A site-specific installation by Monster Chetwynd (born 1973) will be on display in the public Rotunda of the Schirn Kunsthalle Frankfurt from March 3 until May 29, 2023.
The artist rose to prominence with her vibrant and funny performances, which featured handmade costumes, decorations, and sets. Her creations are frequently outrageous and full of joy; they reference pop culture or renowned works from art history.
The artist responds directly and humorously to the limitations of the openly accessible position in the Schirn Rotunda. Visitors are being let into the roofed-in chamber through the open mouths of three enormous Heads. Visiting the enormous sculptures Il Tetto (2017), Hell Mouth 3 (2019), and Cat Head and Toxic Garden (2022) allows for a unique sense of space.
Dr. Sebastian Baden, director of the Schirn Kunsthalle Frankfurt, notes: “Monster Chetwynd is without doubt one of the most important performance and installation artists of our time. Her art invites interaction and makes use of humor as a means of social change. With her installation, Chetwynd directly involves the public by making them cross into the Schirn through the open mouths of her Heads. Her art is direct and can also be understood in this respect both as an invitation and as a democratic statement.”
Chetwynd’s performance and installation art draws inspiration from a wide range of sources, including film and television, literature, archaeology, art history and philosophy, and even musicals. The artist casually mixes aspects of pop and high culture. Consequently, the title of the Schirn exhibition “A CAT IS NOT A DOG” is a play on the iconic musical Cats, as well as the eponymous film and its critiques, such as the amusing documentary Why Is Cats. With the three Heads Chetwynd is referencing at the same time to a motif of the Christian artistic tradition: the “Hellmouth” or Gateway to Hell. This pattern was also adopted as a doorway or entry in Sacro Bosco near Bomarzo, an Italian sculpture garden from the sixteenth century, or in Niki de Saint Phalle’s Tarot Garden in Tuscany, as well as in today’s amusement parks.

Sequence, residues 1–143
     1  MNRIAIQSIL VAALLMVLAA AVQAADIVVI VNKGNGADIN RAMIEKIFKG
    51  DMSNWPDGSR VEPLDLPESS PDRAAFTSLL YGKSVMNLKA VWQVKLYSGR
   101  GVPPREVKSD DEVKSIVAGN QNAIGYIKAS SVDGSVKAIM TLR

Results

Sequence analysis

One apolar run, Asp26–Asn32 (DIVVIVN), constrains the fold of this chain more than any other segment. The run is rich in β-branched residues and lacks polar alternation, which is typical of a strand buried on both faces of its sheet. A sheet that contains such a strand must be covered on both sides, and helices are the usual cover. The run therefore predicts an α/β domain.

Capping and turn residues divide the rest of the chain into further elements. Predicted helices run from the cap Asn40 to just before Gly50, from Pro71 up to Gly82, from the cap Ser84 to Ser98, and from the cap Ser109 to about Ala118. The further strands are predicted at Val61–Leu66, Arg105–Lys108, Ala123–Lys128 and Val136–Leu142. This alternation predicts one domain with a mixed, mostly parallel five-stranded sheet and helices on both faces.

Chetwynd’s artistic practice is dependent on sustainability and involvement; with the Schirn, the artist renders old sculptures tangible in a new, site-specific form. The materials she uses and the methodical style of her work can also be interpreted as a critical remark on consumer society. For Chetwynd, the changes that occur on the materials during the dismantling and rebuilding process are also an important part of the work. This method runs against to the belief that art items are, by definition, one-of-a-kind creations. Chetwynd’s numerous name changes—from Spartacus Chetwynd to Marvin Gaye, and finally to Monster Chetwynd—reflect a strategy of subverting art’s conventional rules.
Katharina Dohm, curator of the exhibition, says of the artist: “Monster Chetwynd breaks with the traditions and conventions of the art world in a highly original and humorous way. With the repeated changes to her artist name, she questions gender and the relevance of authorship and signature. Her art unites elements of popular culture with iconic moments of cultural history in an effortless and approachable way, focusing on questions of sustainability through the reuse of existing materials. In a relaxed manner, Chetwynd undermines concepts of value and consistency and lets the public perceive familiar objects in a subversive and alternative light.”